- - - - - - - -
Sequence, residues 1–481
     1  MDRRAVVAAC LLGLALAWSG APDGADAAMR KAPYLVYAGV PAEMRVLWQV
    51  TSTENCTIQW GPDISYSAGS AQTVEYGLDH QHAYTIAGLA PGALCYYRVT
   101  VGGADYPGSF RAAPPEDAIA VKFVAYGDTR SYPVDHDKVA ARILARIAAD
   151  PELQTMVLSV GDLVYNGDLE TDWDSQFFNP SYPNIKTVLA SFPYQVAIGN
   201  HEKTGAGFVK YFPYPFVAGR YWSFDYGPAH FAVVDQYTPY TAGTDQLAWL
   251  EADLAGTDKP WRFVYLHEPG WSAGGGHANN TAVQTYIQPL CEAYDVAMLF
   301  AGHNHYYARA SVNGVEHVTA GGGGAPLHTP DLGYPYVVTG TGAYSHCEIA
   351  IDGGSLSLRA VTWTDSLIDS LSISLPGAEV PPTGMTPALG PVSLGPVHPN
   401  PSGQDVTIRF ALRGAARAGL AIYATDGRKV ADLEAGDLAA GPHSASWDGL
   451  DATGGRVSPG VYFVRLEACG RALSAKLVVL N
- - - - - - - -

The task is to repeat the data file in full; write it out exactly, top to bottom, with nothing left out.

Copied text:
Sequence, residues 1–481
     1  MDRRAVVAAC LLGLALAWSG APDGADAAMR KAPYLVYAGV PAEMRVLWQV
    51  TSTENCTIQW GPDISYSAGS AQTVEYGLDH QHAYTIAGLA PGALCYYRVT
   101  VGGADYPGSF RAAPPEDAIA VKFVAYGDTR SYPVDHDKVA ARILARIAAD
   151  PELQTMVLSV GDLVYNGDLE TDWDSQFFNP SYPNIKTVLA SFPYQVAIGN
   201  HEKTGAGFVK YFPYPFVAGR YWSFDYGPAH FAVVDQYTPY TAGTDQLAWL
   251  EADLAGTDKP WRFVYLHEPG WSAGGGHANN TAVQTYIQPL CEAYDVAMLF
   301  AGHNHYYARA SVNGVEHVTA GGGGAPLHTP DLGYPYVVTG TGAYSHCEIA
   351  IDGGSLSLRA VTWTDSLIDS LSISLPGAEV PPTGMTPALG PVSLGPVHPN
   401  PSGQDVTIRF ALRGAARAGL AIYATDGRKV ADLEAGDLAA GPHSASWDGL
   451  DATGGRVSPG VYFVRLEACG RALSAKLVVL N